No. The two biggest cost drivers in the CPS budget are debt service and charter expansion. Instead of going after teachers who already have experienced pay freezes, mass layoffs and budget cuts, the mayor and his CPS CEO should go after the big banks that ripped off the city and the schools with toxic interest rate swaps worth over $1 billion. They should also call for a charter moratorium and empty the $500 million TIF fund, both of which remove a considerable amount of district resources that would be better used in our classrooms.

Charter tuition really has been growing (from $437 million in tuition in FY2011 up to $753 million in FY2015). That was an increase of $317 million. And obviously, charter school tuition is money that directly follows the children. As charter schools are filled only by those choosing to be there, this really is “for the children” spending.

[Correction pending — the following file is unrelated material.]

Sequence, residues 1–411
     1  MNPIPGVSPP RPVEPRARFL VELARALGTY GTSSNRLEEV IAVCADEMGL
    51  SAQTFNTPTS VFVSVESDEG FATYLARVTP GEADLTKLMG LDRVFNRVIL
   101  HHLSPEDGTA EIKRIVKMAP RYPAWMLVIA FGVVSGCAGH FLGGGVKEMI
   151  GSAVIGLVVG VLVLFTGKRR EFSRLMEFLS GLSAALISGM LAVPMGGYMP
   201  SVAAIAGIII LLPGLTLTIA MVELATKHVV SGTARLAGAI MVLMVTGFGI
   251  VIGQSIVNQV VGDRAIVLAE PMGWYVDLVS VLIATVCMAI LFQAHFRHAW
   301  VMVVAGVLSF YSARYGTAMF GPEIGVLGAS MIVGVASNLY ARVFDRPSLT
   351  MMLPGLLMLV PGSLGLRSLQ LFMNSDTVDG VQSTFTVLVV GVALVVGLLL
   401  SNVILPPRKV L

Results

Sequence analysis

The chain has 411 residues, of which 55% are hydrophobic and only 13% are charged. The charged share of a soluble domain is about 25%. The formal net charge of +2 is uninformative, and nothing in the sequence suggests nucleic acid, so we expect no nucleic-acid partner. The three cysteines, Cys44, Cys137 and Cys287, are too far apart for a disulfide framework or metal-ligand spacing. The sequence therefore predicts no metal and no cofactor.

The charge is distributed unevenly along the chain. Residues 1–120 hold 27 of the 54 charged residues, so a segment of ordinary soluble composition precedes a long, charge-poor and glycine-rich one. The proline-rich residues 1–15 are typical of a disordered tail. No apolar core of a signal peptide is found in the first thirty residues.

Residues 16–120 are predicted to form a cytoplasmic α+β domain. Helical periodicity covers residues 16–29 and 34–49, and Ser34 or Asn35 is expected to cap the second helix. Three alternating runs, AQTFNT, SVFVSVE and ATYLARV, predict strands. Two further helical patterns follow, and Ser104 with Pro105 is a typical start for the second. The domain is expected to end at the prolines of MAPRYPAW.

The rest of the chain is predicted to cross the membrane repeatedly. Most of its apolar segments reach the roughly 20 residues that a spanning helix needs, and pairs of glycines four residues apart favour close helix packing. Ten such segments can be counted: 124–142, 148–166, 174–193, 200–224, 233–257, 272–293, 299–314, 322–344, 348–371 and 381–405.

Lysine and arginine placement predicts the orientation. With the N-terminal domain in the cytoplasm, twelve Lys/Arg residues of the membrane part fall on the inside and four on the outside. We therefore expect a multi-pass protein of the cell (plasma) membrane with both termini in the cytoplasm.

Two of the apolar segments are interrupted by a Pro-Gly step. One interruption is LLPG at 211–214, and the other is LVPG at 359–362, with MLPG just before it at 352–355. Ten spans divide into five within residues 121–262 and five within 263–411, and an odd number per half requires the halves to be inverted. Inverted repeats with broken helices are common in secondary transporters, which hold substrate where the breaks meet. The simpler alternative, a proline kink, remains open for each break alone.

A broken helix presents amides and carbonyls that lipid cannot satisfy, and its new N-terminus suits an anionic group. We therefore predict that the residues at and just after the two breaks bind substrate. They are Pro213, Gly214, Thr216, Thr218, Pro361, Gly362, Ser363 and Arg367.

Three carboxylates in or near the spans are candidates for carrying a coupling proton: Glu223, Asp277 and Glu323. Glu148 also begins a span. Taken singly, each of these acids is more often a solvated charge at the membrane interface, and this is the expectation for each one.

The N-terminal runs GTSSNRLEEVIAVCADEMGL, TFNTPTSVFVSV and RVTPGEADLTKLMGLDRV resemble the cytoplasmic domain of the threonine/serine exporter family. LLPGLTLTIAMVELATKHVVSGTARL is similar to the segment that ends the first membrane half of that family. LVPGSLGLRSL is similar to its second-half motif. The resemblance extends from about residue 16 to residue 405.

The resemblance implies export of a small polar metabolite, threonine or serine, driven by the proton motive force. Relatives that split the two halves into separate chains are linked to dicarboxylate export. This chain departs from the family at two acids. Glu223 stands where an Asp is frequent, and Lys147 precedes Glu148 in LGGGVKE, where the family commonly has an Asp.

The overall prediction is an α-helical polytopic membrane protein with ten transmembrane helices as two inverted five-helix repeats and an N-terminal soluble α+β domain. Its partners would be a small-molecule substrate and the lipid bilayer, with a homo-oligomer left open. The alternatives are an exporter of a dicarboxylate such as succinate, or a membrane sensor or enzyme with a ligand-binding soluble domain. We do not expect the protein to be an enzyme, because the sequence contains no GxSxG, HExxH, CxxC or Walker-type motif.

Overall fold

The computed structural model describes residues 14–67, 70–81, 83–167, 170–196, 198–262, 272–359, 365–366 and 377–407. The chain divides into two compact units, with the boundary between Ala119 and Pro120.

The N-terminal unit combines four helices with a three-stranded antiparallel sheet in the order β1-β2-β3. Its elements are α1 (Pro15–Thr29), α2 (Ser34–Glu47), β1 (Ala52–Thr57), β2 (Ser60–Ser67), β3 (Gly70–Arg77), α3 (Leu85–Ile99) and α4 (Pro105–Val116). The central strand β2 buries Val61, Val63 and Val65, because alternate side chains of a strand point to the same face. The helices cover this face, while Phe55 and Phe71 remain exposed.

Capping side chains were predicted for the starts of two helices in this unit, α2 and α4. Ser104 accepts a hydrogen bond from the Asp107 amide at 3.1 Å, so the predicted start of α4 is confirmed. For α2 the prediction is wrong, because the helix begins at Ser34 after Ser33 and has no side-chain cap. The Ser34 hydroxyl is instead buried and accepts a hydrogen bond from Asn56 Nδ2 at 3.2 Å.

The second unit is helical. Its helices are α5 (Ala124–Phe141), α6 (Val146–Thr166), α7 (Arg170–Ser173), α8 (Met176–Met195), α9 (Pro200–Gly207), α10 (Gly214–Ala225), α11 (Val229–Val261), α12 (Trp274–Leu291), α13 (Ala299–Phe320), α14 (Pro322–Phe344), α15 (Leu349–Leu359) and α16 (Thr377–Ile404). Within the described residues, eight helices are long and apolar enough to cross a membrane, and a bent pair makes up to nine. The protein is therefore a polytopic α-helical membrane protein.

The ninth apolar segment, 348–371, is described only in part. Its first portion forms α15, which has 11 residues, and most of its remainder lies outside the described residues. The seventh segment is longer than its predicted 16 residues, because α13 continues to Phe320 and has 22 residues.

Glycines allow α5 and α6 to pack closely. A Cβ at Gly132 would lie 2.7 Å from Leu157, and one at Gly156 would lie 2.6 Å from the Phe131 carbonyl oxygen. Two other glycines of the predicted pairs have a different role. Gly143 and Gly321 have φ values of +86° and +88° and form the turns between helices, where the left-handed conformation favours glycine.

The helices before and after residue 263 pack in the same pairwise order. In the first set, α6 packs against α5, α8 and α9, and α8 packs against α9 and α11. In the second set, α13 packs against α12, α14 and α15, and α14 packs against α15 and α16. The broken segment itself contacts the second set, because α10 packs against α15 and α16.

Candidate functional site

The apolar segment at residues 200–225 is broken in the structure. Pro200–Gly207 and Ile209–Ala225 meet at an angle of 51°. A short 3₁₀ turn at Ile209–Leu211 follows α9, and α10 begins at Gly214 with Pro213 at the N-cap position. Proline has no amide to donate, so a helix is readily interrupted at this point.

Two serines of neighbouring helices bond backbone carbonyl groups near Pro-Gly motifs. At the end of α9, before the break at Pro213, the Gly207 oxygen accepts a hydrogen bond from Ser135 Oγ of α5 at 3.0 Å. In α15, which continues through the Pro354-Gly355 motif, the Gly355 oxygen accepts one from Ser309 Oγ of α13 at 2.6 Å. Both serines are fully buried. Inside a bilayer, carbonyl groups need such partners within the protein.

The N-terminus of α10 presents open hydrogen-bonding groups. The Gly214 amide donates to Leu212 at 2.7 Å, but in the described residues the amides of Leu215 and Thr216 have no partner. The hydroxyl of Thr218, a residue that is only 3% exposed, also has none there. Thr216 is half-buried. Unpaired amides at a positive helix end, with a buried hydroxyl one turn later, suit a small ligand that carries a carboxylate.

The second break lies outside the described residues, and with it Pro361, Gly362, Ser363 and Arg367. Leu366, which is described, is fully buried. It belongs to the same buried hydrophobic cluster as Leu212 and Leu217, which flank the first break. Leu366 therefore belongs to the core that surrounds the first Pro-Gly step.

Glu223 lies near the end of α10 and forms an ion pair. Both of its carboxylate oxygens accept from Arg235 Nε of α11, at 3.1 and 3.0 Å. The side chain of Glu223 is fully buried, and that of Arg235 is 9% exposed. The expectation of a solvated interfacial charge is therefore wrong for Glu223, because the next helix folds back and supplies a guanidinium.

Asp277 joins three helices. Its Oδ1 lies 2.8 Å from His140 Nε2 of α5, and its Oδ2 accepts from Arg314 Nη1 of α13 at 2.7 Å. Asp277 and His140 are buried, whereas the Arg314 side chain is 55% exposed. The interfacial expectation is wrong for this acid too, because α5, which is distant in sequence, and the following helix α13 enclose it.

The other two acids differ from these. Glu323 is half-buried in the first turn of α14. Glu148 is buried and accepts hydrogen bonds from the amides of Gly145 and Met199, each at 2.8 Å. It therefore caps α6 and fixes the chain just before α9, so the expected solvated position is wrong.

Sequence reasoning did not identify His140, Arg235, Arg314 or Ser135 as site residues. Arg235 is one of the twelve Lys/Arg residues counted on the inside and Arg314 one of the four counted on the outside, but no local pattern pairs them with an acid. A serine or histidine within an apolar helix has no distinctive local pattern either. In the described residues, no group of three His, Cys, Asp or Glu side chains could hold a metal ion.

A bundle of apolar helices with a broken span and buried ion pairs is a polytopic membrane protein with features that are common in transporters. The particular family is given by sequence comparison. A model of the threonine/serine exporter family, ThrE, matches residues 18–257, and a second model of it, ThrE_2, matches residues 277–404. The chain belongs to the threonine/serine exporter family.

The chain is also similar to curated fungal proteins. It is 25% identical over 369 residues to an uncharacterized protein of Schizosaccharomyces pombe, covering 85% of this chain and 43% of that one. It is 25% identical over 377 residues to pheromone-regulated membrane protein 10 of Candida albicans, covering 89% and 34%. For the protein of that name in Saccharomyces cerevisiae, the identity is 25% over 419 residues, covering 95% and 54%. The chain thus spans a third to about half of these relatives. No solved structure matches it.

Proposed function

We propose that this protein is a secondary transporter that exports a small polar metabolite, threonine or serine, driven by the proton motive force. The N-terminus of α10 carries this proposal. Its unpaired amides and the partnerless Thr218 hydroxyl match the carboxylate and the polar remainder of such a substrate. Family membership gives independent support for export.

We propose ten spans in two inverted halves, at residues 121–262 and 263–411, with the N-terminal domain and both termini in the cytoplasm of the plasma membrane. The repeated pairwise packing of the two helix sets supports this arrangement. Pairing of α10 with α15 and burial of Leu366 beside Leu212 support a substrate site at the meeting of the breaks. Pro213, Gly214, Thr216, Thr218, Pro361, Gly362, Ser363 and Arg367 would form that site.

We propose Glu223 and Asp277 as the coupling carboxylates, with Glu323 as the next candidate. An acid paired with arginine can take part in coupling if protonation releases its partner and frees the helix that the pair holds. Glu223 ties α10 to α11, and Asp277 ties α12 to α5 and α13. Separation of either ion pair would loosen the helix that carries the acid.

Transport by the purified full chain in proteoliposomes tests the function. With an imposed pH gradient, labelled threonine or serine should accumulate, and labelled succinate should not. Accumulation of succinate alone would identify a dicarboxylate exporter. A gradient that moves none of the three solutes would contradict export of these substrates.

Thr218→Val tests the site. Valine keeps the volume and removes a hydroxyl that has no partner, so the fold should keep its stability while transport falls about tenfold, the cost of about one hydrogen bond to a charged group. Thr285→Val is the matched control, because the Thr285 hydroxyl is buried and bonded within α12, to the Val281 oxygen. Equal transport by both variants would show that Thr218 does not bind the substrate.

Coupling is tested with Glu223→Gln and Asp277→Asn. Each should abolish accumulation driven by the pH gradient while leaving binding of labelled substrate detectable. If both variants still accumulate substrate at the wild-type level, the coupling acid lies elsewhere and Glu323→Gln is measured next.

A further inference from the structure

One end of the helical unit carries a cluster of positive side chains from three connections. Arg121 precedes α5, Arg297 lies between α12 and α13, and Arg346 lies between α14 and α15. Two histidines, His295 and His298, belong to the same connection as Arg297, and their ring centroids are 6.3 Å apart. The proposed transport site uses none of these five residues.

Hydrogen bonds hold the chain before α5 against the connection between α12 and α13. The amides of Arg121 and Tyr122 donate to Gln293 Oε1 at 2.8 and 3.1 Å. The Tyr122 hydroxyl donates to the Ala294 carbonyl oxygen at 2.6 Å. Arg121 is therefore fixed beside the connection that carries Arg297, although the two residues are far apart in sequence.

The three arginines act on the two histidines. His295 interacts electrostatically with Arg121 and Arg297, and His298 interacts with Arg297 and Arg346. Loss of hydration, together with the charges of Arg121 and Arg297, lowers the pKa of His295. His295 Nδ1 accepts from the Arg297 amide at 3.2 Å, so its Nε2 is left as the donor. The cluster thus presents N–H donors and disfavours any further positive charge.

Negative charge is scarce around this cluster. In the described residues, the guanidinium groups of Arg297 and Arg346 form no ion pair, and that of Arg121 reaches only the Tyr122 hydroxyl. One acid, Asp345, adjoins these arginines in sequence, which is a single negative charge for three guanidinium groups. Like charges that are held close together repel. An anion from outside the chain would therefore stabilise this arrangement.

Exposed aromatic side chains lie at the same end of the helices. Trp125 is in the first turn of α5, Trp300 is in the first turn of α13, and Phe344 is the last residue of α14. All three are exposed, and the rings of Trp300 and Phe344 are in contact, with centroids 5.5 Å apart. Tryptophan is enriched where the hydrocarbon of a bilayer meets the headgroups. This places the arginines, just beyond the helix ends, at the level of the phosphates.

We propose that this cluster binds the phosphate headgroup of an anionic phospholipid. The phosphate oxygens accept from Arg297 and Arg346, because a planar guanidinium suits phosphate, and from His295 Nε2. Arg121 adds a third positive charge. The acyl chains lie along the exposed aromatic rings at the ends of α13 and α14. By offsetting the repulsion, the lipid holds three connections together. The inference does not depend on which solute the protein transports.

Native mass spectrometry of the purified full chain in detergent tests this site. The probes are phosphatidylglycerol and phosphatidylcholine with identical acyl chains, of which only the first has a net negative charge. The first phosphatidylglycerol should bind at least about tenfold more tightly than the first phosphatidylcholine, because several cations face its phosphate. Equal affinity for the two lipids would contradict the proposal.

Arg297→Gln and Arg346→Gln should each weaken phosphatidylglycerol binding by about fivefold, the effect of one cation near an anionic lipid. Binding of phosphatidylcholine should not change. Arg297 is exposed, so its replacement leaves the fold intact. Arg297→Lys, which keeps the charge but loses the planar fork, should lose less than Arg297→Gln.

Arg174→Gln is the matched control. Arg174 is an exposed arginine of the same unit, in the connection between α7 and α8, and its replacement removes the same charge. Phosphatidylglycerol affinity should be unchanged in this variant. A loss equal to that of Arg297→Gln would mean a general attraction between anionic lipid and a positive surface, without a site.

Just looking at the teachers bit, their pay & compensation (paid) has also been growing. From $2.3 billion in FY2011 to $2.6 billion in FY2015. Increased $284 million. But that’s ignoring how much more the pension costs really increased over those years, as mentioned before. The increase should really be much higher.

As for debt service and capital outlays (not part of the operational budget above) – that was level according to the actuals I’m seeing here. Definitely not on the order of $300 million. It fluctuates a bit.

Oh, and this is as CPS student count has been decreasing (I don’t know if that includes the charter students or not).

The swaps issue is something Rauner is dealing with for the state, and Chicago has suspending doing business with Wells Fargo for a year – over the individual account fraud, but partly because of the swaps.

The thing about emptying $500 million from the TIFs is that’s a one-time windfall, in my understanding. As opposed to a source of $500 million each year. You can’t have that used for an operational expense, unless you want to be in the exact same place one year from now.